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CDC ranks 4 Kansas counties at a high COVID-19 community level, another 19 at a medium level

The Kansas Department of Health and Environment reported 2,148 new cases of COVID-19 and 41 additional deaths in the state for the week of January 18-25.

Eleven Kansas counties were reported to have a high weekly rate of new cases, meaning they have more than or equal to 100 cases per 100,000 population. KDHE put Sedgwick County at a “substantial” rate, reporting 50 to 99 cases per 100,000.

Eighteen counties remain low, meaning they have recorded fewer than 10 cases per 100,000 population.

The U.S. Centers for Disease Control and Prevention reports that Sedgwick County has a low community rate of COVID-19.

In all of Kansas on Thursday, four counties were at their peak: Clay, Trego, Morton and Seward. This is an increase from last week when one county was at its highest.

In high counties, the CDC recommends masking in enclosed, public places. At an average level, those at highest risk of developing severe forms of COVID-19 should consider masking and other precautions.

Nineteen counties are now mid-level, up from 12 last week.

The CDC updates the metric every Thursday for U.S. counties and bases the assessment on the number of new cases and hospitalizations per 100,000 people (seven-day totals) and the percentage of staffed hospital beds occupied by COVID-positive patients (an average seven days).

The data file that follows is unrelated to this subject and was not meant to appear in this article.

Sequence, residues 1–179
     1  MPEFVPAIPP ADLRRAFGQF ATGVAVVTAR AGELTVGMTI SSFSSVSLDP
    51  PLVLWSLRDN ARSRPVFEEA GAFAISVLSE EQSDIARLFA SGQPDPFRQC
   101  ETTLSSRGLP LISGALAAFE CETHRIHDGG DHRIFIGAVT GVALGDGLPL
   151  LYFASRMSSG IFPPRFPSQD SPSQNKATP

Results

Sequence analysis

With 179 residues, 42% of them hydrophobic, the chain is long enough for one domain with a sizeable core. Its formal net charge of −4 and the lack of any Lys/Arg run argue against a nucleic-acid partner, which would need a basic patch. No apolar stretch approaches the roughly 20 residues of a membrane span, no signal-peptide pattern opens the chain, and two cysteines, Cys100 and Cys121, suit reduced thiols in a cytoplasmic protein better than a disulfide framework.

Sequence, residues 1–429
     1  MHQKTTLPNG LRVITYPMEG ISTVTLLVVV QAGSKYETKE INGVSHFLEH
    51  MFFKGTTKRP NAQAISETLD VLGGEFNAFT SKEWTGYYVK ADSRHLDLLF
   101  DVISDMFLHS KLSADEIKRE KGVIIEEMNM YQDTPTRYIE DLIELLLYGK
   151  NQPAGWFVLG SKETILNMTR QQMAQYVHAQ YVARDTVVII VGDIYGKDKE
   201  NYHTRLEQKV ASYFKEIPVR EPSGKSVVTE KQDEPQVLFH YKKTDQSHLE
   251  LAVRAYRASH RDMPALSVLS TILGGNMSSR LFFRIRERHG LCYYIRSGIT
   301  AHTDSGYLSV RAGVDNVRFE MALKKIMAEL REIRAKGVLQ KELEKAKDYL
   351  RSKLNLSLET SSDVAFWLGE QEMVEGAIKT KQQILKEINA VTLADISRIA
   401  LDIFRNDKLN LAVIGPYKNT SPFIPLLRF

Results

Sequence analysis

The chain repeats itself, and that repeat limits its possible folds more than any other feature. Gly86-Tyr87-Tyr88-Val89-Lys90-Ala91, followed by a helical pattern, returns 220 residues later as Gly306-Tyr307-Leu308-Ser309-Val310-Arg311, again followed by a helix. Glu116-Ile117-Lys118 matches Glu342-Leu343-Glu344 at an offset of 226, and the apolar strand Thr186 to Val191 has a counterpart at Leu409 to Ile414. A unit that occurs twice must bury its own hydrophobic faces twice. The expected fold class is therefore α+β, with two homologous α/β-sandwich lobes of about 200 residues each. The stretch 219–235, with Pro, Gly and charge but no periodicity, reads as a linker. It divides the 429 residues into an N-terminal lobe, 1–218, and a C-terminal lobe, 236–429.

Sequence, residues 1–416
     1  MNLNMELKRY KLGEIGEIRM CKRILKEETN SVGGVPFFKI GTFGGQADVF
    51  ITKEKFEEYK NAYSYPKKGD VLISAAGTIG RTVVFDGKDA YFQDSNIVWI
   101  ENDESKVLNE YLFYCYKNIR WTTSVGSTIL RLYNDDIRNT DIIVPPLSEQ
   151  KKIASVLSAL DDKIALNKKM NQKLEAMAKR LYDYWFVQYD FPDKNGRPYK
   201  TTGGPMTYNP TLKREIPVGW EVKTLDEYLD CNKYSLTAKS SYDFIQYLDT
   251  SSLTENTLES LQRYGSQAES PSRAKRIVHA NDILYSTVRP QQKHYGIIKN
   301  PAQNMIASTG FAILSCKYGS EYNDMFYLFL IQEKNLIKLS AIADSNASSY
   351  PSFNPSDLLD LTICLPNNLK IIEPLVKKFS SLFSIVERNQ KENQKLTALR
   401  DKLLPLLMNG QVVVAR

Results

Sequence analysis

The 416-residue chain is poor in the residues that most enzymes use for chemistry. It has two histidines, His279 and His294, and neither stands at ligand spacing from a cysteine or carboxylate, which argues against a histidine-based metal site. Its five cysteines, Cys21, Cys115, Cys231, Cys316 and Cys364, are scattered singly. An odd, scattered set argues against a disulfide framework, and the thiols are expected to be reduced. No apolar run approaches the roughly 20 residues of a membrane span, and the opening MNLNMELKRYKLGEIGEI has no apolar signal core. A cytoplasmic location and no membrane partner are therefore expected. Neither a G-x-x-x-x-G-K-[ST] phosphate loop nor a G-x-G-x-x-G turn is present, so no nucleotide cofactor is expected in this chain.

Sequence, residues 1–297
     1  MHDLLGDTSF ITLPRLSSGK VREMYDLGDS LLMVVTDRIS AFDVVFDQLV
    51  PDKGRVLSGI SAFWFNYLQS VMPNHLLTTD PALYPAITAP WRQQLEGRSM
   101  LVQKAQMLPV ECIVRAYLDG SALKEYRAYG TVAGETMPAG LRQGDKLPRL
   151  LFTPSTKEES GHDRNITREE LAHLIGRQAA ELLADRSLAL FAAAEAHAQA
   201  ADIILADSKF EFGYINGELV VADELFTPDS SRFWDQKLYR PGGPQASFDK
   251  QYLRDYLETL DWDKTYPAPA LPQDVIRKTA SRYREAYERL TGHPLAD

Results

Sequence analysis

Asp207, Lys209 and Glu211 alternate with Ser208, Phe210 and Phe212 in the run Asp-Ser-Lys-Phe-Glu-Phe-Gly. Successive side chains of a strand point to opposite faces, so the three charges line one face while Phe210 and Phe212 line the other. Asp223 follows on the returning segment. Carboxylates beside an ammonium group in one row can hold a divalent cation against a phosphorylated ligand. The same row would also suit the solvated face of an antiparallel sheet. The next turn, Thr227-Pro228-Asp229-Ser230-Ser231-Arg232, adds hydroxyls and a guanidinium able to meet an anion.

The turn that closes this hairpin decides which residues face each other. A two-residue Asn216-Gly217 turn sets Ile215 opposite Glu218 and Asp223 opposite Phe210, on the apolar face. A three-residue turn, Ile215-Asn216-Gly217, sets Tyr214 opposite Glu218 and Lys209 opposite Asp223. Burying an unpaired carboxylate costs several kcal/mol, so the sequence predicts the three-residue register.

The CDC estimates the county has about 81 cases for every 100,000 individuals.

As for the percentage of hospital beds used by people with confirmed COVID-19, the CDC puts that metric at 1.3%.

The Sedgwick County Health Department reports a positive COVID test rate of 8.8% as of Thursday. That’s a jump of nearly 2% in a week, with the positive test rate at 7.1% on Jan. 20.

The positive test rate represents the average of 14 days of positives recorded out of the total number administered and does not include home tests and those not reported to the county.

The highest number of positive tests reported in one day was 123 on January 24. 10 new positives were reported on Thursday.

Protect yourself from COVID-19

To protect yourself from contracting the virus, wear a mask when necessary, avoid large gatherings if possible, wash your hands often and practice physical distancing.

If you start developing symptoms or have been exposed to someone who has tested positive for the virus, you can get tested through your local health department or an at-home test, available at most grocery stores and pharmacies.

If you contract the virus, the CDC says to quarantine for at least five days after the onset of symptoms.

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